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By Lilie Chouliaraki

This e-book is ready the connection among the spectators in international locations of the west, and the far away patient at the tv display; the patient in Somalia, Nigeria, Bangladesh, India, Indonesia, but additionally from manhattan and Washington DC. How can we relate to tv pictures of the far-off patient? The query touches at the moral position of the media in public existence at the present time. They deal with the problem of no matter if the media can domesticate a disposition of deal with and engagement with the far-off different; even if tv can create an international public with a feeling of social responsibililty in the direction of the far-off patient.

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The consequence of the collage effect for the spectator may well be less responsibility towards the sufferer and more apathy vis-à-vis the world. Suffering, it tells us, occurs all the time everywhere and it has become all too common to raise an eyebrow. It becomes banal. This means that the spectacle of suffering is not doubted in terms of its veracity, but, on the contrary, passively accepted as the truth of television and, indeed, of life. As McQuire puts it, talking about evil, ‘resistance to believing has been overrun by the perception that such evil is “human all too human”’ (1999: 153).

Far from depriving spectators of the reflexive agency to decide if and how to respond to suffering, Butler points to the fact that they are always already addressed as ethical subjects before their moment of decision. The address by the ‘other’ happens, as Butler says, by virtue of being confronted with the spectacle of suffering itself, unexpected and unplanned in the monologic flow of television. This structure of address consists of those practices of discourse – linguistic and visual – via which television construes the scene of suffering as a spectacle to be watched and invites spectators to feel for and engage with sufferers’ misfortunes.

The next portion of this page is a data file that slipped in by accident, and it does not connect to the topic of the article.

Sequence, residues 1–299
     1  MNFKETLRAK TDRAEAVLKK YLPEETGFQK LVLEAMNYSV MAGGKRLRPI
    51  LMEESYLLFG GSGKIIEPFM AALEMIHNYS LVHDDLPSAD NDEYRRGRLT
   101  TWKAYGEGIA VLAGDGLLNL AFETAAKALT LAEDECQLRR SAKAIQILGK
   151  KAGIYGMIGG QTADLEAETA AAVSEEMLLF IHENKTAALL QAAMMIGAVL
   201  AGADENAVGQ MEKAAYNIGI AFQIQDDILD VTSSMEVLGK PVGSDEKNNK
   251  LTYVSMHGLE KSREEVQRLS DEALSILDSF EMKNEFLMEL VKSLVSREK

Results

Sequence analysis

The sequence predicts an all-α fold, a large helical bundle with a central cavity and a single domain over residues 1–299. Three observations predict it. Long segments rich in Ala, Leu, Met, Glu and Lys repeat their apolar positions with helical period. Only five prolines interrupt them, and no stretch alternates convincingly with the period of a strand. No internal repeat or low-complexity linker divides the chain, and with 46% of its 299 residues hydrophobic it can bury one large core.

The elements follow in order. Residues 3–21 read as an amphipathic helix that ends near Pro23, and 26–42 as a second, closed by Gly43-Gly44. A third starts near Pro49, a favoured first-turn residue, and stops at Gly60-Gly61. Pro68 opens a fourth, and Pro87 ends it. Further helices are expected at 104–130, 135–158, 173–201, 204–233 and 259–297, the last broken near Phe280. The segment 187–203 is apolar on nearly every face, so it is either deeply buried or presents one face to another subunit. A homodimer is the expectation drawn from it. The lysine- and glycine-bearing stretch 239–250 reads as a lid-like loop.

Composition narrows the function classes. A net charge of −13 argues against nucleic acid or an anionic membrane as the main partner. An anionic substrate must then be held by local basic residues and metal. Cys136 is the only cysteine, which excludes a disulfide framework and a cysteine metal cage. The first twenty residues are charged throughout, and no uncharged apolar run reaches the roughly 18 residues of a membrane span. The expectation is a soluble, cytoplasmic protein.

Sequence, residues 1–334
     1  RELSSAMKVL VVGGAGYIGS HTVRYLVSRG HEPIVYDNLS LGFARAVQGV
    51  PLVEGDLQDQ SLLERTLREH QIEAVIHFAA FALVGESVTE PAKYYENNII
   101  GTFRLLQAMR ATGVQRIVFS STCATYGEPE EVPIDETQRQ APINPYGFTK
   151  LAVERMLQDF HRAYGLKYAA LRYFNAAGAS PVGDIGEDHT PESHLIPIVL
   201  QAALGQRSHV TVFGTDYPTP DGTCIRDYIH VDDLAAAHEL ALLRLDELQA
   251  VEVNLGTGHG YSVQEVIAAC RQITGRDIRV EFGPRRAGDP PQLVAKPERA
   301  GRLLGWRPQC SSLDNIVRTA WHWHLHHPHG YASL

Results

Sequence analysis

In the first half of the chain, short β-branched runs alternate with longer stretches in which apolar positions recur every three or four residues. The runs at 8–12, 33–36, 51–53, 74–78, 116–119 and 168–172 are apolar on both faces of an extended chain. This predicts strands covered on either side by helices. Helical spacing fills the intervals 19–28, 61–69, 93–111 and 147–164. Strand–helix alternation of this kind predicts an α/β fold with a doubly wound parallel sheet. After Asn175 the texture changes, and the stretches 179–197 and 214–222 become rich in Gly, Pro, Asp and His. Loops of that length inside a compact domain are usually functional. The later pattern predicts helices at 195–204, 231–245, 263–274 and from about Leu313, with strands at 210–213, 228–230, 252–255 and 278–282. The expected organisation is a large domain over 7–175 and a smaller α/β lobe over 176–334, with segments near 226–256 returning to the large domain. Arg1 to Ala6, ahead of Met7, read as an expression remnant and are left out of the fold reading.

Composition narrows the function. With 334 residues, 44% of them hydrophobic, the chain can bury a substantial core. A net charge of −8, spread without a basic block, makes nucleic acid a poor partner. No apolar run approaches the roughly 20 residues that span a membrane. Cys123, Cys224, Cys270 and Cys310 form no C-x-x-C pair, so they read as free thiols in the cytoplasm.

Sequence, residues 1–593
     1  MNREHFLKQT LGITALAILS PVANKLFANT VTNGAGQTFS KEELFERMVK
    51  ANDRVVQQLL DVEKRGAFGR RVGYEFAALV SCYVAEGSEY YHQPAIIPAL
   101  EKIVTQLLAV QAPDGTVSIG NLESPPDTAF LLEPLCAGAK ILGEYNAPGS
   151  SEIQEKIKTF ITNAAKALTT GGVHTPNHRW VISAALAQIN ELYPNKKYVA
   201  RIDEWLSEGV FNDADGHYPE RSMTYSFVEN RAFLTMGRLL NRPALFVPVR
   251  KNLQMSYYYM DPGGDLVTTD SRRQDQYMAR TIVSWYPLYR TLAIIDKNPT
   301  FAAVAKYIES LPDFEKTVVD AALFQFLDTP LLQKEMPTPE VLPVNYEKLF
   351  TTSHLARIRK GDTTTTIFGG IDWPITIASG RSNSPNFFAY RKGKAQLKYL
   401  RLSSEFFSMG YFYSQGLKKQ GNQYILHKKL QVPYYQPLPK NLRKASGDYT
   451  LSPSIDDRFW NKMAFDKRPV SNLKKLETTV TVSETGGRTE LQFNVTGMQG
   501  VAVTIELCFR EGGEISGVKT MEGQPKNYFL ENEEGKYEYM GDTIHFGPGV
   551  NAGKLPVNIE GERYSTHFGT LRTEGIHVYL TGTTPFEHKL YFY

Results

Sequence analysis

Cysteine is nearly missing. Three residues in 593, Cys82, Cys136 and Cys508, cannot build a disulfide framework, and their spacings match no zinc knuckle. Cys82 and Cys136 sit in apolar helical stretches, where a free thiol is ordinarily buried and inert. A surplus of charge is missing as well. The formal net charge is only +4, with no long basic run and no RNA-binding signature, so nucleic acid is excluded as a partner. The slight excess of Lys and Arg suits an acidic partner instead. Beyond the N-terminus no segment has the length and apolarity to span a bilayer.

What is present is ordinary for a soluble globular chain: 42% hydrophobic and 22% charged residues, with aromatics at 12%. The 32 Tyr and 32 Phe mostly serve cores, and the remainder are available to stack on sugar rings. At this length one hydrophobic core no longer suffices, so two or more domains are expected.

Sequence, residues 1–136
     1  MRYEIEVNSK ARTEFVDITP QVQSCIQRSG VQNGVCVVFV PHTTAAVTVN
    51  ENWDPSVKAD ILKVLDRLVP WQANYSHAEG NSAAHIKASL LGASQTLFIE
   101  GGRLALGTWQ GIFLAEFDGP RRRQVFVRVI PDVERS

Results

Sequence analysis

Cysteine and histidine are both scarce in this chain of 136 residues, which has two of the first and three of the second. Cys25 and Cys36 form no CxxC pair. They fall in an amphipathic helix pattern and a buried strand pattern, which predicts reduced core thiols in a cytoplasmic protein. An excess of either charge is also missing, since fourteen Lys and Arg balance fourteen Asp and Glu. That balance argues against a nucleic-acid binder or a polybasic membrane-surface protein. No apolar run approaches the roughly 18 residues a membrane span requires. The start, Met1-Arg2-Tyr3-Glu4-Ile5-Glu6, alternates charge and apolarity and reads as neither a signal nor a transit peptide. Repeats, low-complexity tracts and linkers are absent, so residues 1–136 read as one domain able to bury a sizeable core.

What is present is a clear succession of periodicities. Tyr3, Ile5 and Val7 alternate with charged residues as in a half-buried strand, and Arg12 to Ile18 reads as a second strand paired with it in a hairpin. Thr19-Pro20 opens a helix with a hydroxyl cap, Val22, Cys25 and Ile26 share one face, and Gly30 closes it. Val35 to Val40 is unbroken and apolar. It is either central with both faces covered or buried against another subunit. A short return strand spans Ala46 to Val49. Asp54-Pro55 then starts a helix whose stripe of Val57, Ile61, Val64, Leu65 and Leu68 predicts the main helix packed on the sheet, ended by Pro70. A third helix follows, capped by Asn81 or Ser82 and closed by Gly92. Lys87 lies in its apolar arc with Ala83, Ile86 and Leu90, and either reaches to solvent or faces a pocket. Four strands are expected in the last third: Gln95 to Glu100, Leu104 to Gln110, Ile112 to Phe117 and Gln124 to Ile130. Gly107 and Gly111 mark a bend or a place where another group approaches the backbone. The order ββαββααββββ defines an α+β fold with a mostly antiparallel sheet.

Visualization facilitates the move from thinking of Amina Lawal’s condition as a story in our heads towards thinking that her imminent stoning is an urgent and horrific reality for a young mother out there in the world. Although not a guarantee that there will be a closing of the moral distance between the two, the visualization of the sufferer is nevertheless a mode of address with a strong moral appeal to the spectator. Immediacy refers not to suffering as a mise en scène, as theatrical spectacle, but, rather, as an emotional and practical reality in itself.

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